This week complete three years of blogging at Reading Acts and by coincidence it is my 400th post. As on my second anniversary, I want to give a brief “state of the blog” speech, share my plans for the fall and (most humbly) take a few moments and toot my own horn. I began the blog on September 1, 2008, a post which has all of three views to this day. I guess it was not exactly the Buggles singing “Video Killed the Radio Star,” but it was a start.
It amazes me that this blog continues to generate interest. My first year I averaged 4 hits a day, I expect to be at 200 hits a day by the end of this year. In fact, total hits on reading Acts since January are more than the first two years combined. Reading Acts has been in the top 50 BiblioBloggers fairly regularly for the last 18 months, and I am still thrilled to make an occasional Biblical Studies Carnival.
In the fall I am teaching Pauline Literature, so I will blog several times a week on Pauline literature and theology. I plan on trying to stay with biblical theology, but I tend to get interested in literary features and historical details and will probably dabble a bit there as well. I am also planning on teaching through the Gospel of John at Rush Creek Bible Church over the next year. Typically I post a couple of thoughts before and after that teaching time with links to the podcast. It is a strange combination, Paul and John, but by thinking through two areas of study which are usually separate, I hope to answer some questions about the relationship (or, non-relationship) between Pauline and Johannine theology.
You might have noticed that I have used pictures more in this last year. This is because many readers use WordPress “OnSwipe” or Flipbook on the iPad. The pictures add a bit to the page on a mobile device and occasionally they enhance the text. Hopefully they are not too distracting. I have also tried to keep posts to 500 words or less, although this is not a rigid rule for me. I have read several places that 500 words is the “ideal” size for a blog post. If I find that I am well over that limit, I usually trim back or create two posts.
On to the mindless statistics: In this last year, top referrer is Koinonia, followed closely by Mark Goodacre’s NT Blog. Mark mentioned recently that his blog celebrated its eighth anniverasry. that is a serious milestone, perhaps the oldest of the “biblioblogs.” Jim West commented on one of my New Perspective posts and I was amazed at how many people clicked through to Reading Acts. Whatever else Jim does, he is a serious promoter of blog-scholarship. I was also surprised at the top post for the year, Top iPad Apps for Bible Study (Part One). I did the whole iPod thing as a summer filler, more or less just to amuse myself looking for apps for the iPad, and the series took off. By far the six posts in that series are the most popular for the year. The first iPad blog is also my top post ever, just beating out Acts 15 – Who were the Judaizers? Third place for the year goes to The Roman Cult of Emperor Worship.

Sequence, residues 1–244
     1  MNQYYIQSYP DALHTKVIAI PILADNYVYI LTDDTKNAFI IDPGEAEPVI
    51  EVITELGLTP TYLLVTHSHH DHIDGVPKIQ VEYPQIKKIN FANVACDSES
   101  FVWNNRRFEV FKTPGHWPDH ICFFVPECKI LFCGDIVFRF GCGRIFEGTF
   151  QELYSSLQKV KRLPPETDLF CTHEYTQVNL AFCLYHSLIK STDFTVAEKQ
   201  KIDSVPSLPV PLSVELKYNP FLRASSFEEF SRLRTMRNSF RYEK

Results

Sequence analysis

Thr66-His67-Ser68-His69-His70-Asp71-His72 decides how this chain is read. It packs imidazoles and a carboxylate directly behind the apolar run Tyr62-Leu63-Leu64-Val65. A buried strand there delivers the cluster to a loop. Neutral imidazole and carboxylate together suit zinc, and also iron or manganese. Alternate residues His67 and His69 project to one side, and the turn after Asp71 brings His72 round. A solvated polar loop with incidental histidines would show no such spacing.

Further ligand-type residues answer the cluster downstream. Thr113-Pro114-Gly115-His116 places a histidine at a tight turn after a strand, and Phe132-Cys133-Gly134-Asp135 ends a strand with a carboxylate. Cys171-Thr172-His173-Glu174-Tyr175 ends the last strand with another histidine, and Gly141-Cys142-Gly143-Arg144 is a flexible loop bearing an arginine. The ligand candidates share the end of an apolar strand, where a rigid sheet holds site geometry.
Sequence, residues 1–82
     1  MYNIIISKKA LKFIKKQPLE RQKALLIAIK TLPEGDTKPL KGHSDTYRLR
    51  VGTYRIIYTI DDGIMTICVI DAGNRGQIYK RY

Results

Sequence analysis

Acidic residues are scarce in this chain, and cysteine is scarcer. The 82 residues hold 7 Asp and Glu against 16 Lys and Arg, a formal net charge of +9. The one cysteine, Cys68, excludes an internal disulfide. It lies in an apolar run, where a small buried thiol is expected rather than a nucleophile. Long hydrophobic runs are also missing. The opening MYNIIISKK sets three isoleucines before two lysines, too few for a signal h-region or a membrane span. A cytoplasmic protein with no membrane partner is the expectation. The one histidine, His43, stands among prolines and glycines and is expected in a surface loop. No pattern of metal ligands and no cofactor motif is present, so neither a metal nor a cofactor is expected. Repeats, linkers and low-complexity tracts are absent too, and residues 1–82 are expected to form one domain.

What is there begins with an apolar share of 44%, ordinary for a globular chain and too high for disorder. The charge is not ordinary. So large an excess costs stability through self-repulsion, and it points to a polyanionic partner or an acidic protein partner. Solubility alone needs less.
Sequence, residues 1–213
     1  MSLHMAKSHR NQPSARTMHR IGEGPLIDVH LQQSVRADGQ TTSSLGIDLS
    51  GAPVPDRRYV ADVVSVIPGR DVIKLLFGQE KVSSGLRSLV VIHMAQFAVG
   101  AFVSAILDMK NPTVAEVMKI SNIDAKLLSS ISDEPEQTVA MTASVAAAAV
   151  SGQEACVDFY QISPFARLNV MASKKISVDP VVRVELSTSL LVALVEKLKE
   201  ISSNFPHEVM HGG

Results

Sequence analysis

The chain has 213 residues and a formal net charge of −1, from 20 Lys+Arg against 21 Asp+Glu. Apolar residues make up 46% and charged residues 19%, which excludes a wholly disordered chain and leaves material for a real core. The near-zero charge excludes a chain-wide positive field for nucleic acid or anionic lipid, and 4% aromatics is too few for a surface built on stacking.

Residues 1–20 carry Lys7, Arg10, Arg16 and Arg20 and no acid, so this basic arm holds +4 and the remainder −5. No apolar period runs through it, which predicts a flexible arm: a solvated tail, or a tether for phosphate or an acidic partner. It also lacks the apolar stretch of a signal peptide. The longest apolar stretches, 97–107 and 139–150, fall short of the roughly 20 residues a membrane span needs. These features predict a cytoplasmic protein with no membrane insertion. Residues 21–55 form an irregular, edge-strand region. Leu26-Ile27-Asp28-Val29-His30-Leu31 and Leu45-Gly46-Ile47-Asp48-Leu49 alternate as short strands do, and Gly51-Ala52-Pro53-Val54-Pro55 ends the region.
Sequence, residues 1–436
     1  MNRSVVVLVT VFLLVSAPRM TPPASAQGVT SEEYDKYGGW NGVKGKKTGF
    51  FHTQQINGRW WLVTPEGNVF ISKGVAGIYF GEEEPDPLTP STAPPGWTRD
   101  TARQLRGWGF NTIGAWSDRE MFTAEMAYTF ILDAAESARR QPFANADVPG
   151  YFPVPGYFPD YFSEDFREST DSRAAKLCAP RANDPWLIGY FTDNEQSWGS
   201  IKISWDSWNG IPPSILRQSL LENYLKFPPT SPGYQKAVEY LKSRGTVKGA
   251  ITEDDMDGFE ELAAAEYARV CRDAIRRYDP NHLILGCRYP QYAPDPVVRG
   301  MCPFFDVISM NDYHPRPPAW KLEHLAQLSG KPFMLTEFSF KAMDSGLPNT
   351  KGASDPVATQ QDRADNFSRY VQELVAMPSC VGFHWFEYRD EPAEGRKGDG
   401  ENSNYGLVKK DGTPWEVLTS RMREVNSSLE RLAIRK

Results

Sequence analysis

Aside from my blog’s name, the leading search phrase this year was “Who Were The Judaizers” followed by “Best Bible App For iPad” and “Rob Bell Love Wins” and “Purpose Of Hebrews.” Rob Bell appears frequently in the list as does N. T. Wright. Apparently if I could get Rob Bell and N. T. Wright to debate Judaizers on the iPad, I would have the Best Post Ever.
Among the stranger searches that managed to find my blog this year were: “homer priest” (I mentioned Homer Simpson someplace), “trans dispensationalism” (which sounds very naughty), the name “James Barth” in Arabic, and “keith van de vrede” (I assume he is searching for himself). Some variation on N. T. Wright and Election is common, although Wright and Justification is not.
I did notice a few people asked long questions which look to me like they cut and pasted from a class syllabus right into a google search:
- discuss the importance of the imperial cult from the time of augustus onward. how was this used to control the population? what measures were taken against those who didn’t worship?
- discuss the term literal as it relates to interpretation in revelation. your answer should address the idea of how one should interpret vivid details of revelation
- how does the theology of paul differ from the synoptic gospels
- what are the main things matthew wants readers to think about jesus from reading the sermon on the mount?
Hopefully you cited your source properly. I take no responsibility for plagiarism and will probably rat you out to your professor.
I added a few book reviews this year: John Dickson, Life of Jesus: Who He Is And Why He Matters, Jodi Magness, Stone and Dung, Oil and Spit, Piper and Carson, The Pastor as Scholar, the Scholar as Pastor, Zondervan Illustrated Bible Dictionary, Constantine R. Campbell, Keep Your Greek, William D. Mounce, Biblical Greek: A Compact Guide. I also have done a few reviews of Bible software, Vyrso and Logos for the iPad and Logos 4.3 and The Perseus Collection. I enjoy doing book reviews and anticipate more this year. (I have a pretty decent stack to work through right now!)